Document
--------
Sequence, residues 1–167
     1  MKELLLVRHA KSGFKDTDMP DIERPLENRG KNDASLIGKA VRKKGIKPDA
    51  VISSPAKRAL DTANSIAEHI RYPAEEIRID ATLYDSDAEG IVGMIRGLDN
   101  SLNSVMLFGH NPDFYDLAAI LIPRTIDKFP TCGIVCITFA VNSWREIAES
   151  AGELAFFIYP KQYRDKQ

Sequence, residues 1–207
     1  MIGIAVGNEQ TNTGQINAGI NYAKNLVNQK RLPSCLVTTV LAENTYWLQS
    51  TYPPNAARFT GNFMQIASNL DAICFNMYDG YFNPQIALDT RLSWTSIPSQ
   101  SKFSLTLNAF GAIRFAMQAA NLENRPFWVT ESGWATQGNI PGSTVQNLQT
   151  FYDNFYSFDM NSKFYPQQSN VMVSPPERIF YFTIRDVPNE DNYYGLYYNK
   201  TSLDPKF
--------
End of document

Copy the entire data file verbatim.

Sequence, residues 1–167
     1  MKELLLVRHA KSGFKDTDMP DIERPLENRG KNDASLIGKA VRKKGIKPDA
    51  VISSPAKRAL DTANSIAEHI RYPAEEIRID ATLYDSDAEG IVGMIRGLDN
   101  SLNSVMLFGH NPDFYDLAAI LIPRTIDKFP TCGIVCITFA VNSWREIAES
   151  AGELAFFIYP KQYRDKQ

Sequence, residues 1–207
     1  MIGIAVGNEQ TNTGQINAGI NYAKNLVNQK RLPSCLVTTV LAENTYWLQS
    51  TYPPNAARFT GNFMQIASNL DAICFNMYDG YFNPQIALDT RLSWTSIPSQ
   101  SKFSLTLNAF GAIRFAMQAA NLENRPFWVT ESGWATQGNI PGSTVQNLQT
   151  FYDNFYSFDM NSKFYPQQSN VMVSPPERIF YFTIRDVPNE DNYYGLYYNK
   201  TSLDPKF